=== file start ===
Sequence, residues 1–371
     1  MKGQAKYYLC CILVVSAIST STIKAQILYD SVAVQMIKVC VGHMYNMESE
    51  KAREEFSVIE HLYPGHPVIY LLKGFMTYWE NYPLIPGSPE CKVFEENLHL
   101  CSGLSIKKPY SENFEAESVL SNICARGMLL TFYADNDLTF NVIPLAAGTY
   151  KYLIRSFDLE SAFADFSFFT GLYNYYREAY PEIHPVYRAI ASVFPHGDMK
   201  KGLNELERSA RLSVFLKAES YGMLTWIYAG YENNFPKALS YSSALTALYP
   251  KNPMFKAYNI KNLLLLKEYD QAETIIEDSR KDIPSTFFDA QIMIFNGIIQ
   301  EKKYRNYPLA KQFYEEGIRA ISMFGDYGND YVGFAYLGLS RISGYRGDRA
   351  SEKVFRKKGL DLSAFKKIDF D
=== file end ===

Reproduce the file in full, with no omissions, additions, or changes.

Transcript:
Sequence, residues 1–371
     1  MKGQAKYYLC CILVVSAIST STIKAQILYD SVAVQMIKVC VGHMYNMESE
    51  KAREEFSVIE HLYPGHPVIY LLKGFMTYWE NYPLIPGSPE CKVFEENLHL
   101  CSGLSIKKPY SENFEAESVL SNICARGMLL TFYADNDLTF NVIPLAAGTY
   151  KYLIRSFDLE SAFADFSFFT GLYNYYREAY PEIHPVYRAI ASVFPHGDMK
   201  KGLNELERSA RLSVFLKAES YGMLTWIYAG YENNFPKALS YSSALTALYP
   251  KNPMFKAYNI KNLLLLKEYD QAETIIEDSR KDIPSTFFDA QIMIFNGIIQ
   301  EKKYRNYPLA KQFYEEGIRA ISMFGDYGND YVGFAYLGLS RISGYRGDRA
   351  SEKVFRKKGL DLSAFKKIDF D